Emmanuel Ayah Okwabi laid to rest
Family members and friends from London, members of the Ghana Union in Stockholm, Friendship Association and the Ga-Adagme union in Stockholm as well as old acquaintances and well-wishers were at hand for the burial service and internment of Emmanuel Ayah Okwabi (alias Sir Kwas) which took place on Friday at S:t Bodvids Kyrkogård, Huddinge. It was a simple but nice ceremony. Karl-Erik Nylund conducted the service and preached the sermon. There were readings from 1st Peter and the popular burial hymns were sung in English. Joe Franz, who attended the same secondary school in Ghana with Okwabi, gave a tribute at the service and talked about the late Okwabi’s life as a student in Adisadel College. He took the opportunity to say a little about the school too, which was established as far back as 1910 by British missionaries. Together with another old boy of the school, they sung one of the school’s popular songs of the time. At the graveside Anthony Turkson gave a moving burial speech in which he quoted phrases in Latin and sung a song in Latin too. Okwabi’s family members and friends from the UK filled the grave with their farewell flowers. They took turns in pouring the traditional small amounts of sand into the grave to mark their final farewells to a loved brother and friend.
A reception was held in memory of the deceased at Tullinge Centrum. Many tributes were paid to Okwabi’s memory. Anthony Turkson was at hand again to draw the gathering’s attention to the need to visit Ghana often as we spend more and more days abroad. He linked the state of Ghana’s development to the machinations of the super-powers of which the USA was the only remaining one and how they cause all wars in the world today. Suberu Salaam talked on behalf of the Ghana Union about the activities of Okwabi who was a member of the union. He thanked the relatives and friends of Okwabi who had come all the way from the UK for the occasion. He also thanked Friendship Association and Ga-Adagme union for their contributions to making the occasion a success. Joe Etbon, President of the Friendship Association, also talked on behalf of his association and his personal knowledge of the deceased. Joe Etbon was one of the earliest employers of Okwabi when he arrived in Sweden in the 90s. He knew him very well. Kofi Sapathy talked of his knowledge of Okwabi who had attended the same institution as he did in Legon. He talked about how Okwabi took care of the last issue of Ghana Union’s newsletter, The Linguist, before the union established its own website. Mr Allen Okwabi, the deceased’s young brother and Ms Mertha Laryea each talked on behalf of the group that came from London and thanked the Ghanaians in Sweden for all they had done.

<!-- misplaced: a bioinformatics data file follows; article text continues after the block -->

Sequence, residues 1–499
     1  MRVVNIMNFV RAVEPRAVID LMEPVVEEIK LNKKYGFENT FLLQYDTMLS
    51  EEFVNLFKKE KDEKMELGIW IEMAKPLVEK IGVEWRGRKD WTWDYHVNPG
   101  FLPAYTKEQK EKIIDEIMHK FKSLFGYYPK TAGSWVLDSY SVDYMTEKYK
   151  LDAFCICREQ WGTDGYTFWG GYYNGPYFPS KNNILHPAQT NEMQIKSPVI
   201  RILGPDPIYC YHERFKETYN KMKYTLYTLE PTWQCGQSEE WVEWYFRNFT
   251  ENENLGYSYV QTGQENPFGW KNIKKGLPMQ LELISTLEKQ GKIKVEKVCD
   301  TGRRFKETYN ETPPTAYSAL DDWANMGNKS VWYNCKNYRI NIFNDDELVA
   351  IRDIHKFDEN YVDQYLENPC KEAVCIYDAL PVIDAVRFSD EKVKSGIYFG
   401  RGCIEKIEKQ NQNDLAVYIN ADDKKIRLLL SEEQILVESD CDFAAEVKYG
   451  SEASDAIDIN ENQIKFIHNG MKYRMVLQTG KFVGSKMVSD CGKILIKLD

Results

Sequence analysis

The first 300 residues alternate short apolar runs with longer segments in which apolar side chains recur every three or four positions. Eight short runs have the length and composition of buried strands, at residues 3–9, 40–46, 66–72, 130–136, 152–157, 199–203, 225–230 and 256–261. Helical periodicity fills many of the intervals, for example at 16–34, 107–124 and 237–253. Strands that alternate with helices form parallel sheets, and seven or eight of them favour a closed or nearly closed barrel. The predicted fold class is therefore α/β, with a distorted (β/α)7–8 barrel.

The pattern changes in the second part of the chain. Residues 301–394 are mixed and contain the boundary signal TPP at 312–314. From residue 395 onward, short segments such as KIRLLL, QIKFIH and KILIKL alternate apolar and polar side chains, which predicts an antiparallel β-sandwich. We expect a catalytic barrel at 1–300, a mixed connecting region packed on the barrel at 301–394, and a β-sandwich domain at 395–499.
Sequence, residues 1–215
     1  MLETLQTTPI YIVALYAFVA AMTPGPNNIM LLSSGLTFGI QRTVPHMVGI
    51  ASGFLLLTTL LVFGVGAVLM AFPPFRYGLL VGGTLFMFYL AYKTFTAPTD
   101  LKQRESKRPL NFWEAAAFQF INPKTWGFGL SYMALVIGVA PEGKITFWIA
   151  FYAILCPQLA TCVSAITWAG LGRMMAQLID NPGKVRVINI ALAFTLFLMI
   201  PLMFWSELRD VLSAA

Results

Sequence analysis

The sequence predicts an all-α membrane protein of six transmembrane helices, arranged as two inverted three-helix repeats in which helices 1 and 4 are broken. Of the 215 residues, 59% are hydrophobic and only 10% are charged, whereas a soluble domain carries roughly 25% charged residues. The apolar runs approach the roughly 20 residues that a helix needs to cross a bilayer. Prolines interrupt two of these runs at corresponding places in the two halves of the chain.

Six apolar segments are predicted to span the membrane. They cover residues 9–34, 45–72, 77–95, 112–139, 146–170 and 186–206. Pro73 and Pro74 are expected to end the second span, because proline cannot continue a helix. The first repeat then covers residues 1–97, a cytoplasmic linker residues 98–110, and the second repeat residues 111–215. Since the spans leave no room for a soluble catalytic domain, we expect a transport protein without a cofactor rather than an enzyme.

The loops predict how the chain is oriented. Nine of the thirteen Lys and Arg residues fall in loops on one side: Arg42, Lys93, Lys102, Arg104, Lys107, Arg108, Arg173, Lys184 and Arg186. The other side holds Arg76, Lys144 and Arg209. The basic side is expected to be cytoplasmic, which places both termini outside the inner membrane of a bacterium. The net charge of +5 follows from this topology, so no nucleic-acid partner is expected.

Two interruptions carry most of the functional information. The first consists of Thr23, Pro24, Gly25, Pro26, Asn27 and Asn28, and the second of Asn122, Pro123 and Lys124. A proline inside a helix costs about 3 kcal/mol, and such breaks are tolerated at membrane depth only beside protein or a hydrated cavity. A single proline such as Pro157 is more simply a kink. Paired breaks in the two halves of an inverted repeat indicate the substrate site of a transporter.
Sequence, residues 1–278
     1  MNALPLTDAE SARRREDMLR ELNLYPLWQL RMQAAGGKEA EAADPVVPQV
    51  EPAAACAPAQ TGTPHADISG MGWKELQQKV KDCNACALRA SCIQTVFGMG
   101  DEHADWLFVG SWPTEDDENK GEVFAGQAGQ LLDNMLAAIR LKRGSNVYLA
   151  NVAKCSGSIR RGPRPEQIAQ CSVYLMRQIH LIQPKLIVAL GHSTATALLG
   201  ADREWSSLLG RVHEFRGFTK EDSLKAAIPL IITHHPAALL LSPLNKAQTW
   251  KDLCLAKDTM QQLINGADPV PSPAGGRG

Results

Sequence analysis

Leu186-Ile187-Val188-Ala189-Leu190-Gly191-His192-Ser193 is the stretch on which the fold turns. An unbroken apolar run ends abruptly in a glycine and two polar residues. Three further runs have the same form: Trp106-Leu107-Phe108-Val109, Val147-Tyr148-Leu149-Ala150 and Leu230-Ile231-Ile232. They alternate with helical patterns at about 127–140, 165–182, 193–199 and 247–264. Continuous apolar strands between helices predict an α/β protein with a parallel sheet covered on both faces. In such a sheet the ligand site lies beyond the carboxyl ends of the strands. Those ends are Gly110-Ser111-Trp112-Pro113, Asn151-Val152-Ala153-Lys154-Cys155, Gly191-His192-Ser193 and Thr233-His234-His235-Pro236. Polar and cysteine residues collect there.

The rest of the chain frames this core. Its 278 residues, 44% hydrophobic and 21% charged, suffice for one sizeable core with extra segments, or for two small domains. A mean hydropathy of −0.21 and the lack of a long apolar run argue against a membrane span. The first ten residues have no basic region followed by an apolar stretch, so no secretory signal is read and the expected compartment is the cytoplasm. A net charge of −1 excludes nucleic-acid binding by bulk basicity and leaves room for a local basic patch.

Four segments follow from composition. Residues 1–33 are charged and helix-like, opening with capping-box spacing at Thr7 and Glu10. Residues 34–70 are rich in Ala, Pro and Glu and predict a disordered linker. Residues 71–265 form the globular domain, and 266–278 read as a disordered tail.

There was music, drinks and something to eat and later in the evening, a few people took to the dance floor to dance away their sorrows. Some of the oldies took to the floor displaying dancing talents from their younger days. It was a fitting tribute to one of us who had gone the way all of us will eventually go. But he went before his time.
Incidentally, the burial of Emmanuel Okwabi happened on the 29th of January, 2016, exactly the day he would have been celebrating his 58th birthday. But it was not to be.
May the departed rest in eternal peace!